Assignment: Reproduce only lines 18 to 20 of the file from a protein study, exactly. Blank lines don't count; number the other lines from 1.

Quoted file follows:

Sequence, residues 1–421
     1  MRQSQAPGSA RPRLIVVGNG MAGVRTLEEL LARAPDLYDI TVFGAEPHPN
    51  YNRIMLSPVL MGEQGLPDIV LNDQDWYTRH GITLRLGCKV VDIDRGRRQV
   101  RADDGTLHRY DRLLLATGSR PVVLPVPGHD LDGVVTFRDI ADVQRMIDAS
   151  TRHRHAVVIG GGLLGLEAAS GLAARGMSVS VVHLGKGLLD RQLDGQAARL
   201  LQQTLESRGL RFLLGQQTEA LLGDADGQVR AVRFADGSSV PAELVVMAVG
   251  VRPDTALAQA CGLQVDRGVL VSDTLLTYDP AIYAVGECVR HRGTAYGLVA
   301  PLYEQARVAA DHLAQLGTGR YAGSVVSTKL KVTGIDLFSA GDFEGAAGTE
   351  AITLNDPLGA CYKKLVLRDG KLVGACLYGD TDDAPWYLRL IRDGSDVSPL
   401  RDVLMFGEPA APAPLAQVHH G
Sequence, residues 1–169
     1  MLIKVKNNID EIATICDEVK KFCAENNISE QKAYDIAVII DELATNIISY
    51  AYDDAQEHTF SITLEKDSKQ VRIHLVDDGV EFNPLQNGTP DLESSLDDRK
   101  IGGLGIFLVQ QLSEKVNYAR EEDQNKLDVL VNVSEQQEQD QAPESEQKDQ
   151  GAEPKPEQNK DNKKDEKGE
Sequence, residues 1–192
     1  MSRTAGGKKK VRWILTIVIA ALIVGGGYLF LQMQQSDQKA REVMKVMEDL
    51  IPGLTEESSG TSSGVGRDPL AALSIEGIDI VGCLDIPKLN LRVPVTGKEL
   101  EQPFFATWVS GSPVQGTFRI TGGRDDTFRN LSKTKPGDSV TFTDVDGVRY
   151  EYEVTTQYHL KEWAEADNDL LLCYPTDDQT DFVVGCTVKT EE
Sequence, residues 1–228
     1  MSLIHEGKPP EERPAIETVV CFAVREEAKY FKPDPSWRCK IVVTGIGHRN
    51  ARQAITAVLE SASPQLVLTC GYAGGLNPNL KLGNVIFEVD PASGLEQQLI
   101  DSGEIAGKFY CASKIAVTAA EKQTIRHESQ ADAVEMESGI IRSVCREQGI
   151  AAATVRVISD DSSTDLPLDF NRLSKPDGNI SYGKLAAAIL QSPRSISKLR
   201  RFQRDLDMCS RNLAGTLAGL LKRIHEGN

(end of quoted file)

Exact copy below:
    51  IPGLTEESSG TSSGVGRDPL AALSIEGIDI VGCLDIPKLN LRVPVTGKEL
   101  EQPFFATWVS GSPVQGTFRI TGGRDDTFRN LSKTKPGDSV TFTDVDGVRY
   151  EYEVTTQYHL KEWAEADNDL LLCYPTDDQT DFVVGCTVKT EE